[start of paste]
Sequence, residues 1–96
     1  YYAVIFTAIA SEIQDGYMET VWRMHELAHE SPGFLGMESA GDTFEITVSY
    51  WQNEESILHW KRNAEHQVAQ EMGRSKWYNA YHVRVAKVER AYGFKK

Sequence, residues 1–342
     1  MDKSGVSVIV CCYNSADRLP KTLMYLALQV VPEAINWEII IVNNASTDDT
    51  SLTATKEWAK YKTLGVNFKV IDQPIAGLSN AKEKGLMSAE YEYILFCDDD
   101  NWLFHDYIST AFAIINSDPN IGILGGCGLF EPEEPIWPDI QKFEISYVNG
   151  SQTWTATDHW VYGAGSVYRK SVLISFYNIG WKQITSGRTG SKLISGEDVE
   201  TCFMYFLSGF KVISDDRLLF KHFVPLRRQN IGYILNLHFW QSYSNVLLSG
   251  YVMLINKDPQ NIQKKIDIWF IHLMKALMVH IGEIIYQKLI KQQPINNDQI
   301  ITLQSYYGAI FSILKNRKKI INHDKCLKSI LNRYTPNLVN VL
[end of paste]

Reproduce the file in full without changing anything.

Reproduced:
Sequence, residues 1–96
     1  YYAVIFTAIA SEIQDGYMET VWRMHELAHE SPGFLGMESA GDTFEITVSY
    51  WQNEESILHW KRNAEHQVAQ EMGRSKWYNA YHVRVAKVER AYGFKK

Sequence, residues 1–342
     1  MDKSGVSVIV CCYNSADRLP KTLMYLALQV VPEAINWEII IVNNASTDDT
    51  SLTATKEWAK YKTLGVNFKV IDQPIAGLSN AKEKGLMSAE YEYILFCDDD
   101  NWLFHDYIST AFAIINSDPN IGILGGCGLF EPEEPIWPDI QKFEISYVNG
   151  SQTWTATDHW VYGAGSVYRK SVLISFYNIG WKQITSGRTG SKLISGEDVE
   201  TCFMYFLSGF KVISDDRLLF KHFVPLRRQN IGYILNLHFW QSYSNVLLSG
   251  YVMLINKDPQ NIQKKIDIWF IHLMKALMVH IGEIIYQKLI KQQPINNDQI
   301  ITLQSYYGAI FSILKNRKKI INHDKCLKSI LNRYTPNLVN VL